Patricia Niehaus is national president of the Federal Managers Association and chief of labor and employee relations at Travis Air Force Base.

And the hits just keep on coming………..

The latest estimate of contributions federal employees have made to resolving the country's budget crisis is $159 billion. That came from a group of dedicated public servants who represent less than 1 percent of the total population of the United States. In spite of the fact that we are a very small part of the population, we have contributed more than any other group in the country. And now some members of Congress say we should do even more. Less than 1 percent of the population should bear even more of this burden. That's after three years with no cost of living increases and only 1 percent each of the past two years. I'm sure every citizen of this country is aware that inflation rose more than 2 percent in the last five years!

When he was elected, President Obama said he wanted to make public service "cool" so that young people would want to serve our country. Well, I'd say the current political climate makes public service more cold than cool. How can you expect to attract and retain the best and the brightest employees when they see federal employees being attacked left and right by the governing body who should be supporting them? Congress is doing a fine job of making civil service the last choice many young people would make! And that makes our jobs as managers in the federal government increasingly difficult.

After the satisfaction of serving our country, two of the most often cited attractions of civil service – retirement and job security – are under seemingly endless attack.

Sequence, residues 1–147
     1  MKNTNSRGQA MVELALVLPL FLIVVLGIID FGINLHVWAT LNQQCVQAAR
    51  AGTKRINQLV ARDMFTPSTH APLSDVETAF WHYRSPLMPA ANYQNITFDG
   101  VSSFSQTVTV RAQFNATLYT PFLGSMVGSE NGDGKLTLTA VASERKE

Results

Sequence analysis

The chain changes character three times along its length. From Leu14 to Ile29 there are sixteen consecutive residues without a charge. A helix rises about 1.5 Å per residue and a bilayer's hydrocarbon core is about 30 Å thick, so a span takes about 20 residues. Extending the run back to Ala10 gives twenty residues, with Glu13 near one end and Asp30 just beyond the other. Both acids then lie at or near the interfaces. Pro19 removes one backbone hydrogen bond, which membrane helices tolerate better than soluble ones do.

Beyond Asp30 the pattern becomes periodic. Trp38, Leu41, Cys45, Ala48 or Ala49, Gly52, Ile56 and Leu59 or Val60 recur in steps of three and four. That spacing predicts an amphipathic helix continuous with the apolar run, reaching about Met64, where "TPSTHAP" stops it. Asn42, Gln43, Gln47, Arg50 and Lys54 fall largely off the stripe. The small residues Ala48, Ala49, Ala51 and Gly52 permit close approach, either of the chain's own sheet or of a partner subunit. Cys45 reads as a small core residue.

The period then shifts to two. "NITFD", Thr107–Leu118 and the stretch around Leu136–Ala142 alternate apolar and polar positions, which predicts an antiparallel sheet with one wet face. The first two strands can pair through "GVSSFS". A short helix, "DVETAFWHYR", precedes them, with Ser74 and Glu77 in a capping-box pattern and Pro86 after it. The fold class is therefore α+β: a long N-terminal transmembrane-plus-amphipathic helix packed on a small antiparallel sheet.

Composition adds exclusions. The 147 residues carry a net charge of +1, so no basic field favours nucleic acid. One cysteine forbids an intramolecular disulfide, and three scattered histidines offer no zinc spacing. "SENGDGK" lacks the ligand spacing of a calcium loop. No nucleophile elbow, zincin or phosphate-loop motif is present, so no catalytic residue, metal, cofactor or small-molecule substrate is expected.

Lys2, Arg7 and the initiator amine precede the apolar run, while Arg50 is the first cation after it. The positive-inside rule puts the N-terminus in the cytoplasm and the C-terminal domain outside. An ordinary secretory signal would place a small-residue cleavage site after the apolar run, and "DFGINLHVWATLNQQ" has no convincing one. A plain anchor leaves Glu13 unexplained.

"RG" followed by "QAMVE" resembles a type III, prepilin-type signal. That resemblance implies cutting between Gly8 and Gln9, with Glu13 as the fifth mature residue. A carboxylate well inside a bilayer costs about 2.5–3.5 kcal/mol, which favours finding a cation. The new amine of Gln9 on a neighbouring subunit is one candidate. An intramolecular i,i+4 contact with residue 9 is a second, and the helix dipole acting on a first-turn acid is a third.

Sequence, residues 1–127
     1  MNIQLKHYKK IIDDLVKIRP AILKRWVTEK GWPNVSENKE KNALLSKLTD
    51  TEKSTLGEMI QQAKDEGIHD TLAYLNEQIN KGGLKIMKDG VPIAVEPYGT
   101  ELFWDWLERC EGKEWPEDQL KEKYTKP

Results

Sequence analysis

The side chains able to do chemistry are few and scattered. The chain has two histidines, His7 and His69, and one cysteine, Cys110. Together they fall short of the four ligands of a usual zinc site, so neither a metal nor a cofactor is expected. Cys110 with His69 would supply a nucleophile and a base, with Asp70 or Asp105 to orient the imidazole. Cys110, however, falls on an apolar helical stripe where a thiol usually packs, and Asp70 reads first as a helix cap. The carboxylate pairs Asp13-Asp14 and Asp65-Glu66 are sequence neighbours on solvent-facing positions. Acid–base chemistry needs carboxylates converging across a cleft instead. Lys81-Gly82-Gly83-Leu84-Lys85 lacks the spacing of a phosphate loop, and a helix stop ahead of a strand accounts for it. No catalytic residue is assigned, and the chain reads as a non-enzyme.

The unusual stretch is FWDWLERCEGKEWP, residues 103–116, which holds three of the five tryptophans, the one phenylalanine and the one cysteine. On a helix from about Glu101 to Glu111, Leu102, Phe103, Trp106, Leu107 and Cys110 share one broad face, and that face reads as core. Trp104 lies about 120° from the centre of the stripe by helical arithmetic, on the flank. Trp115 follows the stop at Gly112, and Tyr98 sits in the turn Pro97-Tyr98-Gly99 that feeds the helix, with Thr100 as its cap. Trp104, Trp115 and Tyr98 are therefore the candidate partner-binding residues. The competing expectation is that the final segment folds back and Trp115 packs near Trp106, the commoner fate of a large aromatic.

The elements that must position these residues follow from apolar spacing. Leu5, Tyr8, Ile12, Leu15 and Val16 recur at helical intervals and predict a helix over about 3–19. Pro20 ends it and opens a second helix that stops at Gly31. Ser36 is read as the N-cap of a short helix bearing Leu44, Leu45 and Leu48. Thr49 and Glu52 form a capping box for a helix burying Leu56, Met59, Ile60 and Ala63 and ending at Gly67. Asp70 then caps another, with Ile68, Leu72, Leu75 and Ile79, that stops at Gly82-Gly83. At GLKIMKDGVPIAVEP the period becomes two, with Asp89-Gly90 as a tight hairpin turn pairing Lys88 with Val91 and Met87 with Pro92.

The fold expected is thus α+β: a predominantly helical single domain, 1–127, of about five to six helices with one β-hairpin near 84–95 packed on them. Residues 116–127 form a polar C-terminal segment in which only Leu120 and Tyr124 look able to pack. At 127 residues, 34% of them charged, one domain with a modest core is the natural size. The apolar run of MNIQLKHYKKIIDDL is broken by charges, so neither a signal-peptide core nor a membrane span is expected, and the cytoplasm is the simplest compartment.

Our current retirement systems all utilize the calculation of retirement annuities based on the highest three consecutive years of earnings. The Government Employee Pension Reform Act (HR 1230) would change that formula to reflect the highest five consecutive years of earnings. It's estimated that this would save the government $3.1 billion over ten years. That $3.1 billion would come directly out of the pockets of federal employees who have served their country long enough to earn their retirements, which in most cases means over 30 years.

A House Budget Committee report is looking at how the Thrift Savings Plan G Fund interest is calculated. The Government Securities Investment Fund is based on the same formula as the securities issued to Social Security's Old-Age, Survivors, and Disability Insurance (OASDI) Trust Funds. Therefore, everyone contributing to Social Security is getting the benefit of the same investment rate as the feds who are investing in the G fund of the TSP. More than 90 percent of the federal employees who voluntarily contribute to the TSP have at least part of their investments in the G Fund. The Federal Retirement Thrift Investment Board (FRTIB), which administers the TSP (a retirement and savings plan for federal employees and members of the uniformed services that is similar to private sector 401(k) plans), has gone on record challenging the projected savings of the changes proposed to the G Fund, as many employees will simply move their money to another Fund and the FRTIB will likewise move around funds in the lifestyle accounts they manage. And, really, we're not talking big returns anyway. The 12-month returns (April 2014 through March 2015) were only 2.19 percent! Over the past 10 years, the returns averaged 3.19 percent.